Attack of the Fairy Princess Syndrome

is about to become part of the popular culture. A funny, exciting, film starring two powerful female characters. Neither one a princess. Both of them heroes. I'm proud I was part of making this film.
This post was published on the now-closed HuffPost Contributor platform. Contributors control their own work and posted freely to our site. If you need to flag this entry as abusive, send us an email.

The biggest problem any young woman faces in life is getting the best looking (if slightly dumb) boy she can to marry her. Hey Sweetie, overcome the hurdles that stand between you and this guy slipping a ring on your finger and all your troubles are over. Forget what else is going on in the kingdom, your "happy ever after" starts when this guy carries you off into the sunset (and presumably bed).

At least that's what most animated films tell us.

I'm not just talking about the classics like Snow White or Sleeping Beauty, which one can excuse as products of their time. This archaic attitude about women still permeates animated film. Look at any recent animated movie. Despite sometimes clever plot devices, each of the main female characters' primary concerns are always love, marriage and family issues. Overused and limiting themes for a modern heroine.

And that's when the female characters are even focused upon at all. How many animated films have you seen where the female lead is little more than a cliché object for the hero to impress in the last reel? Face it, if you want to be a strong female character in animation you are better off as a mouse.

I have no idea what the vastly better character development of non-human females in animated films says about our culture. I'll leave that one for psychologists of the future:

"Doctor Electro, my research clearly proves that early 21st century man was afraid of human women, but felt strangely drawn to talking fish."

"Ah yes Doctor Atomicface, poor twisted insane 21st century man. Pity they were all destroyed by the toxic effects of mixing Viagra and Rogaine in 2013. They would have made good slaves for our cyber-monkey overlords."

"Indeed. Banana?"

I was at Disney Feature Animation for nearly 10 years and I never once got to work on a story about a human girl who didn't spend the entire film trying to get the right date. Aside from the obvious story limitations this presented, it always gave me a nagging sense of guilt. Was this the only kind of animated female characters I wanted my daughter, or my sons for that matter, exposed to?

That is why when The Weinstein Company offered me the chance to direct Hoodwinked Too: Hood vs. Evil, I jumped at it. Ten pages into the script I realized that this was not the typical romantic formula thrust upon animated films with female leads.

This was a story about a clever, capable, independent, brave, young woman learning to be a hero. Grappling with the legacy of another strong and powerful female character, her Granny. Hold it, not just one, but two -- two -- strong female leads in an animated movie, with themes about loyalty, bravery, friendship, and sisterhood? And it's funny? I swear I checked to see if my agent sent the right script. Someone really had the guts and vision to make this?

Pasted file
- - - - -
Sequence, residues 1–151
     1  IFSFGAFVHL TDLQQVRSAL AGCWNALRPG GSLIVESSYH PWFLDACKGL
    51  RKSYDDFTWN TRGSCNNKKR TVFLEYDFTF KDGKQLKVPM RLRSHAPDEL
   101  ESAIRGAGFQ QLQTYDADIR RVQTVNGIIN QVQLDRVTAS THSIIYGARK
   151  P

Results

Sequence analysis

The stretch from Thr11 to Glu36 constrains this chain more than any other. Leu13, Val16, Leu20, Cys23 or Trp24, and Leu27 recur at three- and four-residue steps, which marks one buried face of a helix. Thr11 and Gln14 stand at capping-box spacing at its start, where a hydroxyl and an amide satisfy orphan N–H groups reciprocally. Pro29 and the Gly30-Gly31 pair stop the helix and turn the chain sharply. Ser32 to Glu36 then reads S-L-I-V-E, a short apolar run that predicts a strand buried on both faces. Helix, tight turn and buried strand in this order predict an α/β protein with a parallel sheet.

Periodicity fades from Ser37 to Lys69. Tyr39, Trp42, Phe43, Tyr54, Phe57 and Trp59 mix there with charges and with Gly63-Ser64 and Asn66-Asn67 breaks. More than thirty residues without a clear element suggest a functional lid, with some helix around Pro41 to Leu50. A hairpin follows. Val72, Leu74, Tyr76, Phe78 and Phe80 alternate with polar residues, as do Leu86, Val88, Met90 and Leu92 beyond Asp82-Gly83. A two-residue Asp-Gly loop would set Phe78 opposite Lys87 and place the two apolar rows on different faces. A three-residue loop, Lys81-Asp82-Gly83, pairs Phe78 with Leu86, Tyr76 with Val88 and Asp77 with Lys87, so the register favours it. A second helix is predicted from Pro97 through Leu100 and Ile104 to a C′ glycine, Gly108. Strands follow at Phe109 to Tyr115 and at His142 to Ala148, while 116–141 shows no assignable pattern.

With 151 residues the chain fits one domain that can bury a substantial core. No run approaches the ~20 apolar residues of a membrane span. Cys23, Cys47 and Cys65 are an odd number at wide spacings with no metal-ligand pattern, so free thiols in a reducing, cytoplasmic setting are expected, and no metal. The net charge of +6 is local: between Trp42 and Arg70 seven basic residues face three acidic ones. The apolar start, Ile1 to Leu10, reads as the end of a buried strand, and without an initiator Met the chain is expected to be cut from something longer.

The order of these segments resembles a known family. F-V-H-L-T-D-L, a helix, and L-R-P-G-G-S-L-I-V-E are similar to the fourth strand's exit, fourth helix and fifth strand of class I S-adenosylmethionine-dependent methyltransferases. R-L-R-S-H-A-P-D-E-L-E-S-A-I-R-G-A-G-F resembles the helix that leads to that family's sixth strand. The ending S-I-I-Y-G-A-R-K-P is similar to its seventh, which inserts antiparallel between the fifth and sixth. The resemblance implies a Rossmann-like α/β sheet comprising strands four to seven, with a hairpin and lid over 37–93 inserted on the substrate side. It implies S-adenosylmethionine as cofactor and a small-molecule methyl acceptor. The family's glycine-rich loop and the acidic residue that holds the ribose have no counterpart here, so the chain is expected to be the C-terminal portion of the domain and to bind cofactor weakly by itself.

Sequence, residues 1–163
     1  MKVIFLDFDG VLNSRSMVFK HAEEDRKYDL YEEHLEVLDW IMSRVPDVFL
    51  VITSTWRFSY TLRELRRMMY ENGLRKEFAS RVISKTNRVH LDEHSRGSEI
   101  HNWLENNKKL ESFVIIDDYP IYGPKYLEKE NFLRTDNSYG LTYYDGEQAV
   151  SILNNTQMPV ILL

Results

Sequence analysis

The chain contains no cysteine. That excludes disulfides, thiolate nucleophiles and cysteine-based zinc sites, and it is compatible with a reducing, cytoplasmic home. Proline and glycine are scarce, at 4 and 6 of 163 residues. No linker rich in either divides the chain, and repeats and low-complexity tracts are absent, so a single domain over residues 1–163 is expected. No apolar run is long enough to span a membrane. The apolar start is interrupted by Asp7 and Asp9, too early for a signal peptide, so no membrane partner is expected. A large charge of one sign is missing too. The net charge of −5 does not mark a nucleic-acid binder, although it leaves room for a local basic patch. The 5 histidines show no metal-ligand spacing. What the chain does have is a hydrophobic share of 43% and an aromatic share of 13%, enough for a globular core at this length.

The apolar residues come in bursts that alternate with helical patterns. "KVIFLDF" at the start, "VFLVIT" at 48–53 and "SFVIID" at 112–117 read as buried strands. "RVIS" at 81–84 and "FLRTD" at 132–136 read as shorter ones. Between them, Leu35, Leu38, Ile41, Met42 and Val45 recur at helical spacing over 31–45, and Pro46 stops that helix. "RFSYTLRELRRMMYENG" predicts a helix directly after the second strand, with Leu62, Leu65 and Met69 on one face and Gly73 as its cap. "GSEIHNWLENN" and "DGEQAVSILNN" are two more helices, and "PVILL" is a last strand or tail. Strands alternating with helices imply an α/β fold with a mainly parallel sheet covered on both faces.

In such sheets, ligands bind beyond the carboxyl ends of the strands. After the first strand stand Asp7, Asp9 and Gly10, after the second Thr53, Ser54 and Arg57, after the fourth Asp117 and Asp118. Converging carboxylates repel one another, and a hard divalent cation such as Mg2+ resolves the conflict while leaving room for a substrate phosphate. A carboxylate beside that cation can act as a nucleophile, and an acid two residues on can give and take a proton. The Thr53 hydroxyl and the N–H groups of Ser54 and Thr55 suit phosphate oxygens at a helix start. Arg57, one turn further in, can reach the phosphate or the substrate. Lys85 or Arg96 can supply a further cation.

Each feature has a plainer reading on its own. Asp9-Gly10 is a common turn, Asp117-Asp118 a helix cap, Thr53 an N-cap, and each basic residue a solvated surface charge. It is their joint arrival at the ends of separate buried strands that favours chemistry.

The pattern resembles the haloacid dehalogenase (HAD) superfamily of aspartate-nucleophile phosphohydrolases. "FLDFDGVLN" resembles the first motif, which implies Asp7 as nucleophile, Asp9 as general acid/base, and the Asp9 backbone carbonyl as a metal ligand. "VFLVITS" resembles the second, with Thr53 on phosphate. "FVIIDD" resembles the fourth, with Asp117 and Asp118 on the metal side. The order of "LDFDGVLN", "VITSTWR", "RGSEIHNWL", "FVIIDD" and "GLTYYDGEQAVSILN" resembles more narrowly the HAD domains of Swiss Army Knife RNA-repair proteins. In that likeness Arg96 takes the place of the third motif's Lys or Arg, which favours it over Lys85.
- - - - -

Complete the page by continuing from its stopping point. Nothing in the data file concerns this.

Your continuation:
And miracle upon miracle, Granny and Red were going to be voiced by Glenn Close and Hayden Panettiere -- two of the strongest, most talented, mold-breaking, (and in the case of Glenn, legendary) actresses working today. Really? Did Disney put you up to this to watch me cry when it doesn't happen?


Sure, it was not going to be a studio film. There would be production and cost challenges. None of the film's producers had very much experience with animation or the unique issues it generates. I was being asked to leave the security of the big animation studio machines to make a very different kind of story, and as a family man that was no small decision. But for a chance to make a film about this Red Riding Hood, there was very little choice. How could I look my kids in the eye next time they watched a princess being kidnapped for just being too darn pretty if I didn't?

So here we are, years later and the film about to release. All the problems, disasters, triumphs, and hard work are behind us. It took an insane amount of effort, passion, and dedication from many many people, not the least from the film's extraordinary executive producers Harvey Weinstein and Bob Weinstein and producer Maurice Kanbar, but the film finally exists. And it will continue to exist. Whether it is embraced by the animation community as a new paradigm of not just producing animation on realistic budgets but of how to approach female characters, or is rejected by an industry that has always been terrified of change (and apparently women). It's out there.

Generations of children from now on will be able to watch Red walk out of the swirling morning mist to confront Moss the Troll, or Granny chasing down the Wicked Witch on her "Kill Bill" motorcycle, or the moment when the whole team comes together to defeat... ah, can't tell you that yet. Spoilers.


Anyway, Hoodwinked Too is about to become part of the popular culture. A funny, exciting, action film starring two powerful and well rounded female characters. Neither one a princess. Both of them heroes. I'm proud I was part of making this film.

And I think my daughter will be too.

Popular in the Community


What's Hot